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A foreign language is a language not spoken by the indigenous people of a certain place: for example, English is a foreign language in Japan. It is also a language not spoken in the native country of the person referred to, i.e. an English speaker living in Japan can say that Japanese is a foreign language to him or her.
Some children learn more than one language from birth or from a very young age: they are bilingual. These children can be said to have two mother tongues: neither language is foreign to that child, even if one language is a foreign language for the vast majority of people in the child's birth country. For example, a child learning English from her English mother in Japan can speak both English and Japanese, but neither is a foreign language to her.
Foreign language education and ability
- See main article: Language education
Most schools around the world teach at least one foreign language. By 1998 nearly all pupils in Europe studied at least one foreign language as part of their compulsory education, the only exception being Ireland, where primary and secondary schoolchildren learn both Irish and English, but neither is considered a foreign language. On average in Europe, at the start of foreign language teaching, learners have lessons for three to four hours a week. Compulsory lessons in a foreign language normally start at the end of primary school or the start of secondary school. In Luxembourg, Norway and Malta, however, the first foreign language is learnt at age six, and in Belgium's Flemish Community at age 10.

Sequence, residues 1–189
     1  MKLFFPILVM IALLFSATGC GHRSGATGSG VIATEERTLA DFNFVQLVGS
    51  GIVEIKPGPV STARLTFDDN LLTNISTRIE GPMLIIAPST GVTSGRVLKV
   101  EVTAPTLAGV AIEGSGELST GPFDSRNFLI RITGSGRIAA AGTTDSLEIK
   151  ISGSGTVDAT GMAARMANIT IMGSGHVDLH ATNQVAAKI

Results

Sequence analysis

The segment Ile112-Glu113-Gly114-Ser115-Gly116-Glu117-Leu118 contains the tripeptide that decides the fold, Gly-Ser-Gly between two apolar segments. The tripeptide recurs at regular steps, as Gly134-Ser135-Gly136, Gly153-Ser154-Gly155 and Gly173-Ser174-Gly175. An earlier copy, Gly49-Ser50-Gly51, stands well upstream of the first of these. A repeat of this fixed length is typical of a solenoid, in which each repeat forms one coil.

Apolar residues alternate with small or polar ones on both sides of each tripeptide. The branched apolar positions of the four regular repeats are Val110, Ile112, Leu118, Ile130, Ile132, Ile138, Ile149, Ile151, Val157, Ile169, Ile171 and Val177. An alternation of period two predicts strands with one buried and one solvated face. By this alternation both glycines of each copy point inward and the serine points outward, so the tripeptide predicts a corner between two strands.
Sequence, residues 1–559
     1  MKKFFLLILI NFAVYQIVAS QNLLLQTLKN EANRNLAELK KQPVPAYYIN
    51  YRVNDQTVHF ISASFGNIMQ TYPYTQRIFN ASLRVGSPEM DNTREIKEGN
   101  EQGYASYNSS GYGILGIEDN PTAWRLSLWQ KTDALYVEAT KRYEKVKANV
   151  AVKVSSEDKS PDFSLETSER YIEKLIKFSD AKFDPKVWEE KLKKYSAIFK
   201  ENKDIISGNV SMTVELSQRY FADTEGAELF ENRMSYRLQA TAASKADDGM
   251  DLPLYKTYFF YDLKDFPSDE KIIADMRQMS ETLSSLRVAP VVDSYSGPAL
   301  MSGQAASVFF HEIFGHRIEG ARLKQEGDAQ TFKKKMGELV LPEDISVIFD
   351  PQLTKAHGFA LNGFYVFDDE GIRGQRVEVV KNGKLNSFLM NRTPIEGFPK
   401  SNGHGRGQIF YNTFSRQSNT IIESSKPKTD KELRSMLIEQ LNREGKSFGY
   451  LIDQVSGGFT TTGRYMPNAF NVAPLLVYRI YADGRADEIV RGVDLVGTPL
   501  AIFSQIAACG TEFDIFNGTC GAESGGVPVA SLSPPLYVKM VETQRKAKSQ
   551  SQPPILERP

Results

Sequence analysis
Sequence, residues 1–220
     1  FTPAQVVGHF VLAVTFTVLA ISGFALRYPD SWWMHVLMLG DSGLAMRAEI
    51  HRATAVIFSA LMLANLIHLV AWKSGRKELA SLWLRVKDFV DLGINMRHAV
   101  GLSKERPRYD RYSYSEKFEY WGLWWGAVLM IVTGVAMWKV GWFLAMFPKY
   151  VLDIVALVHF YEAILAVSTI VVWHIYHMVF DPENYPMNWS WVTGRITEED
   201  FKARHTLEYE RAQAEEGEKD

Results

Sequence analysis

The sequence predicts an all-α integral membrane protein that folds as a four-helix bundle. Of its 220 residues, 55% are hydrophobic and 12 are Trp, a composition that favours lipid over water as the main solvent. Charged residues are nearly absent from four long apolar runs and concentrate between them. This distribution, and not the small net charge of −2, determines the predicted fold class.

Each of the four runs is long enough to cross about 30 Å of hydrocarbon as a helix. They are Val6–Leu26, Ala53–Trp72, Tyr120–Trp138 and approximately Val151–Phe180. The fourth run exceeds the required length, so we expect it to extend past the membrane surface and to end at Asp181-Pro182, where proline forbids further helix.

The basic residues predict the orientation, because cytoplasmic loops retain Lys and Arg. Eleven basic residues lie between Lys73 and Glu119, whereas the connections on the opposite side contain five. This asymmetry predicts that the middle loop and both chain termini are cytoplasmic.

In some countries, learners have lessons taken entirely in a foreign language: for example, more than half of European countries with a minority/regional language community use partial immersion to teach both the minority and the state language.
In 1995 the European Commissionís White Paper on Education and Training emphasized the importance of schoolchildren learning at least two foreign languages before upper secondary education. The Lisbon Summit of 2000 defined languages as one of the five key skills.
Despite the high rate of foreign language teaching in schools, the number of adults claiming to speak a foreign language is generally lower than might be expected. This is particularly true of native English speakers: in 2004 a British survey showed that only one in 10 UK workers could speak a foreign language. Less than 5% could count to 20 in a second language, for example. 80% said they could work abroad anyway, because "everyone speaks English". In 2001, a European Commission survey found that 65.9% of people in the UK spoke only their native tongue.
Since the 1990s, the Common European Framework of Reference for Languages has tried to standardize the learning of languages across Europe.
Research into foreign language learning
In 2004 a report by the Michel Thomas Language Centre in Britain suggested that speaking a second language could increase an average worker's salary by £3,000 a year, or £145,000 in a lifetime. Further results showed that nine out of 10 British companies thought their businesses could benefit from better language skills.
Also in 2004, a study by University College London (UCL) examined the brains of 105 people who could speak more than one language. The study found that people who learned a second language when younger had denser grey matter than those who learned one later. Grey matter is the part of the brain where information is processed. This shows that foreign language learning is easier for younger people than for adults.
- Teaching English as a Foreign Language
- English as an additional language
- Language education
- Language school
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